LIDAR Terrain Data for Archaeology

posted in: Archaeology, Data, LIDAR, Maps | 0

Light detection and ranging technology (LIDAR) has been in the news recently with lost cities being revealed beneth the Mexican and Guatemala jungles.  In the UK we don’t have jungles but we do have a landscape that in places retains a record of our activity going back thousands of years.  LIDAR can reveal tiny differences in terrain height that sometimes indicate features and patterns that are not directly visible or understandable on the ground. The Environment Agency has put its LIDAR archive online under the Open Government Licence. This data archive is a treasure trove which is revolutionising archaeology in the UK as well as in Central America.

Terra Sulis Research can provide Lidar data processing services to help your community or organisation to better understand its environment.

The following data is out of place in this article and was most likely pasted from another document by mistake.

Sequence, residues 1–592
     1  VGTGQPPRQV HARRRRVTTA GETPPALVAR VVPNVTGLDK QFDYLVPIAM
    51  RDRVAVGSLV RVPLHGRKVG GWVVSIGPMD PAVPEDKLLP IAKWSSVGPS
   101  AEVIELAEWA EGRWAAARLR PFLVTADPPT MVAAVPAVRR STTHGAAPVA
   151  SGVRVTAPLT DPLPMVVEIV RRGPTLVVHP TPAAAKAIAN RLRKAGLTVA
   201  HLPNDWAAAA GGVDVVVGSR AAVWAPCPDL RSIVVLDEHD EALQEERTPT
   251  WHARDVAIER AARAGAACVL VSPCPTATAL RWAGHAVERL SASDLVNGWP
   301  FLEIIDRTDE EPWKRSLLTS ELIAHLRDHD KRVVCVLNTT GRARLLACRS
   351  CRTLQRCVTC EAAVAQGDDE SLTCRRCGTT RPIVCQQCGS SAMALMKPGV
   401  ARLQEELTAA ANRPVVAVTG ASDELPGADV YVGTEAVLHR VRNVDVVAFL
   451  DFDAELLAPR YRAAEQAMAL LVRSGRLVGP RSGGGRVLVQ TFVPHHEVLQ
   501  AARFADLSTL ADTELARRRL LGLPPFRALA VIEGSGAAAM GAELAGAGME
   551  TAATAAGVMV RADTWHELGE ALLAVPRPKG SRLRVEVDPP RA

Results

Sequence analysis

Pickwick Farm and field system. Hill shaded Environment Agency LIDAR, illuminated from the East.

Part excavated by K Barton in 1958 Pickwick Farm was occupied during the Iron Age and Romano-British periods (300 BC until the 5th century), then from the 12th century until 1840. With its own ancient access road, permanent water source and field system it sits in a commanding position to the east of Maes Knoll Camp above the Chew Valley.

Pickwick Farm, terrain colour coded from red (low) to blue (high), contour heights in metres.

Pickwick Farm is a well known example of a site being occupied for a very extended period of time.  Many more archaeological sites are emerging from the LIDAR and further posts will highlight examples in the Mendip area.

Pickwick Farm LIDAR relief classification.

To commission LIDAR data processing of your study area email info@terrasulis.org

Contains Ordnance Survey and Environment Agency LIDAR data available under the Open Government Licence (OGL) 2017.

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